Safety of Older CarsJune 5, 2018
Just because something is new does not always mean it is better. However, when it comes to cars, this is not the case, as research shows that newer models are safer than older cars, thanks to the advances in safety technology.
As summer approaches, and more travelers are on the road, motorists who drive older cars are urged to get their vehicles serviced in order to minimize the chance of breakdowns or serious accidents.
According to data from the National Highway Traffic Safety Administration (NHTSA), more serious injuries and fatalities occurred in car accidents involving older-model vehicles compared to newer models. Using data from the government’s Fatality Analysis Reporting System (FARS), from 2012 to 2016, NHTSA organized the vehicles that were involved in fatal wrecks by age, from zero to three years old, to 18 and older.
Researchers found that as the age of the car increased, so did the percentage of motorists who were fatally injured. Based on the study results, the following breakdown shows the percentage of motorists fatally injured and the model year of the car:
- 1984 and older: 55 percent
- 1985-1992: 53 percent
- 1993-1997: 46 percent
- 1998-2002: 42 percent
- 2003-2007: 36 percent
- 2008-2012: 31 percent
- 2013-2017: 26 percent
In addition to the NHTSA study, AAA warns that vehicles that are 10 years and older are twice as likely to break down and four times as likely to need a tow. Additionally, according to AAA, over half of the vehicles on the road today are 10 years old or more, which means they have a greater chance of breaking down.
The managing director of automotive engineering and repair at AAA said that while newer cars can have issues like flat tires or dead batteries, older vehicles are four times more likely to have problems that require a tow to a mechanic.
Keeping Older Cars Safe
Fortunately, there are steps drivers can take to avoid breakdowns and more serious car wrecks, regardless of the age of the car. AAA recommends that all drivers have their vehicle’s battery, engine, and tires checked at the beginning of the summer, particularly if a family vacation involves a long drive.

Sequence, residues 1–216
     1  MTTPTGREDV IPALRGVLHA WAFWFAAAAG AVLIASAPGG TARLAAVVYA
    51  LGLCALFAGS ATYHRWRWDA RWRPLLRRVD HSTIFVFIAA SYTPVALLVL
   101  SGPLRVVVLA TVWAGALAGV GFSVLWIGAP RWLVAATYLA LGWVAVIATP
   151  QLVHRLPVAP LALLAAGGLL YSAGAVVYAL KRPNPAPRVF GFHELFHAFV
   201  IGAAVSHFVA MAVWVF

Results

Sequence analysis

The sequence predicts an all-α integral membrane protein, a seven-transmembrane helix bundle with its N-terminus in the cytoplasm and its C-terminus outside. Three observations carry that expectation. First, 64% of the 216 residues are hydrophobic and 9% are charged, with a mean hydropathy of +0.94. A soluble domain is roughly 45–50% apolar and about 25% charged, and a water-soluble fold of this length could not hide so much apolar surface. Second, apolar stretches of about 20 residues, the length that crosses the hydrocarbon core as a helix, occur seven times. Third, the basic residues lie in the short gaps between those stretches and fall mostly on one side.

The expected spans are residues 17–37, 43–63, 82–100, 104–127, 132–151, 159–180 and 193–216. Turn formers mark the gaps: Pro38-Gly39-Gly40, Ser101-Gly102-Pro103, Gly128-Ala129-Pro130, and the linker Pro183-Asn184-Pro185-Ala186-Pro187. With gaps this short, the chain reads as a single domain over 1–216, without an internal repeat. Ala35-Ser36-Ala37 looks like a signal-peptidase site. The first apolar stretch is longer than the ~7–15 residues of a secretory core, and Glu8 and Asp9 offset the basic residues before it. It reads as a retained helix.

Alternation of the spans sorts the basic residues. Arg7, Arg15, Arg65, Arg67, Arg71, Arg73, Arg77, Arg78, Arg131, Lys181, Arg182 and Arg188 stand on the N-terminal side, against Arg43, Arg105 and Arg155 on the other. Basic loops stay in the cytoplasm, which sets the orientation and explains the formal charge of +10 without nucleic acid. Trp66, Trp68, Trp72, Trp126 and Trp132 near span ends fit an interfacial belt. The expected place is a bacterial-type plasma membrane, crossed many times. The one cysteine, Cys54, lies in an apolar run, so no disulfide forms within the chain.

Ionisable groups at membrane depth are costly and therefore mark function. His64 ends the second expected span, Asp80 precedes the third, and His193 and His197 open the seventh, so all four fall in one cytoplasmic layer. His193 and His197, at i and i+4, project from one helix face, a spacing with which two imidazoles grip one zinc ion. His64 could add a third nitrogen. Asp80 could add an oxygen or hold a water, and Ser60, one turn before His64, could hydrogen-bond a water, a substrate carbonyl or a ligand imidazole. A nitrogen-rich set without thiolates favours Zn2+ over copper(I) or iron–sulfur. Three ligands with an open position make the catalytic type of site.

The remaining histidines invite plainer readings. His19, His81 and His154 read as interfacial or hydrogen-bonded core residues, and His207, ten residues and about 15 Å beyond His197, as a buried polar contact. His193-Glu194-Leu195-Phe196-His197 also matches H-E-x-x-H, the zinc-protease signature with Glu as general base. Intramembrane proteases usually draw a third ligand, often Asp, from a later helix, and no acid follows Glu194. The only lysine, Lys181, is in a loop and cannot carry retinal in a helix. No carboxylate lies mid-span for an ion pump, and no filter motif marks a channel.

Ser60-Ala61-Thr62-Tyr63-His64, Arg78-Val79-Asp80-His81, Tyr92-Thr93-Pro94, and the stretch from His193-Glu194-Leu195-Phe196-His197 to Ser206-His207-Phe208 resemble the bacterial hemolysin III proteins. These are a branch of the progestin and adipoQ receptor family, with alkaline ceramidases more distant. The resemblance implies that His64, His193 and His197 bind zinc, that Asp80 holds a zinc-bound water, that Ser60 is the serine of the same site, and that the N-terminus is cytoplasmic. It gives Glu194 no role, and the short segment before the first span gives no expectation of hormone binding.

Keeping these systems in good working order can significantly reduce the risk of a serious breakdown.
- Battery issues: While a failing battery does not warn the driver when it is about to die, AAA offers members a mobile battery program, which provides free testing of a vehicle’s battery and electrical system.
- Engine issues: In cars 10 years and older, engine systems, including the radiator, thermostat, and timing belt, can fail without warning. If there is fluid leaking under the vehicle, it could indicate a problem with the engine.
- Tire damage: Worn tires, or tires that are over- or under-inflated, can cause serious accidents. Drivers should check tread depth and tire pressure before any long trips. Be sure to have a spare tire that is in good condition as well.
Baltimore Car Accident Lawyers at LeViness, Tolzman & Hamilton Represent All Car Accident Victims
If you have been injured in a car accident involving an older vehicle, do not hesitate to contact the Baltimore car accident lawyers at LeViness, Tolzman & Hamilton. We will seek the maximum financial compensation you deserve, while ensuring that your rights are protected at all times. We will continue to fight for you until you are completely satisfied. To schedule a free consultation, call us today at 800-547-4LAW (4529) or contact us online.
Our offices are located in Baltimore, Columbia, Glen Burnie, and Towson, allowing us to represent car accident victims in Maryland, including those in Anne Arundel County, Baltimore County, Carroll County, Harford County, Howard County, Montgomery County, Maryland’s Western Counties, Prince George’s County, Queen Anne’s County, Southern Maryland, and the Eastern Shore, as well as the communities of Catonsville, Essex, Halethorpe, Middle River, Rosedale, Gwynn Oak, Brooklandville, Dundalk, Pikesville, Nottingham, Windsor Mill, Lutherville, Timonium, Sparrows Point, Ridgewood, and Elkridge.